This study addresses the importance of Drosophila TORC, the single Drosophila homolog of mammalian TORCs, in metabolic regulation. It was found that increases in TORC activity during starvation enhance survival through the activation of CREB target genes in the brain. During feeding, increases in insulin signaling inhibit TORC activity through phosphorylation by a Drosophila homolog of mammalian SIK2. These studies indicate that TORC is part of an insulin-regulated pathway that functions in concert with FOXO to promote energy balance and stress resistance (Wang, 2008).

Drosophila TORC shares considerable sequence homology with mammalian TORCs in its CREB binding domain (CBD), transactivation domain (TAD), calcineurin (Cn) recognition motif, and regulatory site (Ser157), which is phosphorylated by members of the AMPK family of stress- and energy-sensing Ser/Thr kinases in mammals. Drosophila TORC protein is expressed at low levels during larval and pupal stages, with the highest amounts detected in adults. TORC mRNA levels are also increased in adults relative to larvae, although to a lesser extent (Wang, 2008).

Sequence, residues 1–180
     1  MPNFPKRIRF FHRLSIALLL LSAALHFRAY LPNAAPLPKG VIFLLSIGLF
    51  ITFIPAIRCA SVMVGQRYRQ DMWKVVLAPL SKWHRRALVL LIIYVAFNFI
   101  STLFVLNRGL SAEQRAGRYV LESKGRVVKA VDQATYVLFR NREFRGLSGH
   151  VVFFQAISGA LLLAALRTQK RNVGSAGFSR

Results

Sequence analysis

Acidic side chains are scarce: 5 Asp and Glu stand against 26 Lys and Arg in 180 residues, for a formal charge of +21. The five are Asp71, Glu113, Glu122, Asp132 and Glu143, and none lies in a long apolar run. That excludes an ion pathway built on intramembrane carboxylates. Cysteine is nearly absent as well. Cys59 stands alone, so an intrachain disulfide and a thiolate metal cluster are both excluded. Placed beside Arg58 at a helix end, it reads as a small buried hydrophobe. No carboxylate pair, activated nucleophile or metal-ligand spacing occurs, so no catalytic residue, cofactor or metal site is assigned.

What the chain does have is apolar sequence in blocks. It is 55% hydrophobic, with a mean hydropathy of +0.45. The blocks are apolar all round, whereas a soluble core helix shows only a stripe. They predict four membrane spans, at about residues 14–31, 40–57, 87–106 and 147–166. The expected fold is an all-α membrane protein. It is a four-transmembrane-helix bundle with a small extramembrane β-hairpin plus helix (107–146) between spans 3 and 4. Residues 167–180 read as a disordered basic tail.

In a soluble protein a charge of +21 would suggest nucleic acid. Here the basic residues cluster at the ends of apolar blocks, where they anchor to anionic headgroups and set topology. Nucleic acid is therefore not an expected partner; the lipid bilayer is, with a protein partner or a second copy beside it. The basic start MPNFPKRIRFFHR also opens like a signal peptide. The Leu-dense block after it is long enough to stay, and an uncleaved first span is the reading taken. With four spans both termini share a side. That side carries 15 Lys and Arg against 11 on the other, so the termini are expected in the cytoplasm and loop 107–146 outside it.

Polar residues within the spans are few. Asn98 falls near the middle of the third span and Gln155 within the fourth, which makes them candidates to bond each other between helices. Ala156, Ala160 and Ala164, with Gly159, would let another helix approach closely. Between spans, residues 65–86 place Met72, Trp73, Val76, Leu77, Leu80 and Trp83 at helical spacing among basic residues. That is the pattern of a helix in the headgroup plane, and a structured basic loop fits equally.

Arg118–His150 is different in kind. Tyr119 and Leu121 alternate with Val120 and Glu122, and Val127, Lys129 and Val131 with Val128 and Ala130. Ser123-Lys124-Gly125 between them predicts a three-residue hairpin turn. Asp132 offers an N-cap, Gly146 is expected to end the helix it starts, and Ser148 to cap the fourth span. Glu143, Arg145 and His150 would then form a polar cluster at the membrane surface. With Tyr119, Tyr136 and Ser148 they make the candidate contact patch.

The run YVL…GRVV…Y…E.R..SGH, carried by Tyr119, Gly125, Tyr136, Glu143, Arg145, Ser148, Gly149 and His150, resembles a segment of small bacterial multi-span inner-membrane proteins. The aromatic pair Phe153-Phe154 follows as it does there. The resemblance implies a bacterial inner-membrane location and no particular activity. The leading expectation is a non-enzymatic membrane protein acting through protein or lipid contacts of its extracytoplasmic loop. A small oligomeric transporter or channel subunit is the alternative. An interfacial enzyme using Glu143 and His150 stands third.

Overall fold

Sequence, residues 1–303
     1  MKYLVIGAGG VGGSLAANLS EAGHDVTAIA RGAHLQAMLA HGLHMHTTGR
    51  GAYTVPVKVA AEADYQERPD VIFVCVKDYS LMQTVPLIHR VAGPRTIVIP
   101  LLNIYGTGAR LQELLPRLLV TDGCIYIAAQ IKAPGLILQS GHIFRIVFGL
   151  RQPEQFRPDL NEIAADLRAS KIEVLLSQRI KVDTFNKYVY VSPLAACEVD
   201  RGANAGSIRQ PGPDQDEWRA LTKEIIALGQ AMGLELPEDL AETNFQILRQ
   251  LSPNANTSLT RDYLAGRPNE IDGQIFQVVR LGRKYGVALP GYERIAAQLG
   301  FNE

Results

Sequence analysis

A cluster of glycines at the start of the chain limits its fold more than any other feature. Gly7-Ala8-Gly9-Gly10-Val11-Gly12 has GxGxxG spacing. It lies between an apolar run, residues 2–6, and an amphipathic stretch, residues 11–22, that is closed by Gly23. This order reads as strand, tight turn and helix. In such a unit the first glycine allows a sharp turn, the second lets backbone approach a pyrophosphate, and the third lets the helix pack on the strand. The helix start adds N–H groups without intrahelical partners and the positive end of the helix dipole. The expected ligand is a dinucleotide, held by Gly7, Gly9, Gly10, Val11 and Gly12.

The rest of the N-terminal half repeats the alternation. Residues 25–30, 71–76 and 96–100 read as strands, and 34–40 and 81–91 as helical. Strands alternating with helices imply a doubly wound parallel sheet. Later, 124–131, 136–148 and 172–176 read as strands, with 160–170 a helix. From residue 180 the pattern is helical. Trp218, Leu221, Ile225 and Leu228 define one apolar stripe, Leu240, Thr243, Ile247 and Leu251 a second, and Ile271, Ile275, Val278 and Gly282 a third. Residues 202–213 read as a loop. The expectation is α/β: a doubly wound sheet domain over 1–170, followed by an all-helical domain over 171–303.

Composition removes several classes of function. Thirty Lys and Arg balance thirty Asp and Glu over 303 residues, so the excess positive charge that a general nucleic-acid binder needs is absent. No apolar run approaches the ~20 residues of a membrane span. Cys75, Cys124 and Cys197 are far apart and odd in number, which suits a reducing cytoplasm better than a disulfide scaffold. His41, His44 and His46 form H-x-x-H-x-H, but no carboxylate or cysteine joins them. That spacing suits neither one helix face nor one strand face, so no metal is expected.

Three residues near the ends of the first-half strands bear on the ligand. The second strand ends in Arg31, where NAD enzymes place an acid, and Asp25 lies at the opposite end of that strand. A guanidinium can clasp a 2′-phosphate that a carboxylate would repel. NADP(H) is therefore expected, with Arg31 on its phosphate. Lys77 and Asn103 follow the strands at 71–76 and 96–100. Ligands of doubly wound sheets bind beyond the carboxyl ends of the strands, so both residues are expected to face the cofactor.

In the basal state, Drosophila TORC is highly phosphorylated at Ser157 and localized to the cytoplasm in Drosophila S2 and KC-167 cells. Demonstrating the importance of Ser157 phosphorylation in sequestering TORC, Ser157Ala mutant TORC shows only low-level binding to 14-3-3 proteins relative to wild-type TORC in HEK293T cells. Exposure to the adenylyl cyclase activator forskolin (FSK) or to staurosporine (STS), an inhibitor of SIKs and other protein kinases, promotes TORC dephosphorylation, liberation from 14-3-3 proteins, and nuclear translocation (Wang, 2008).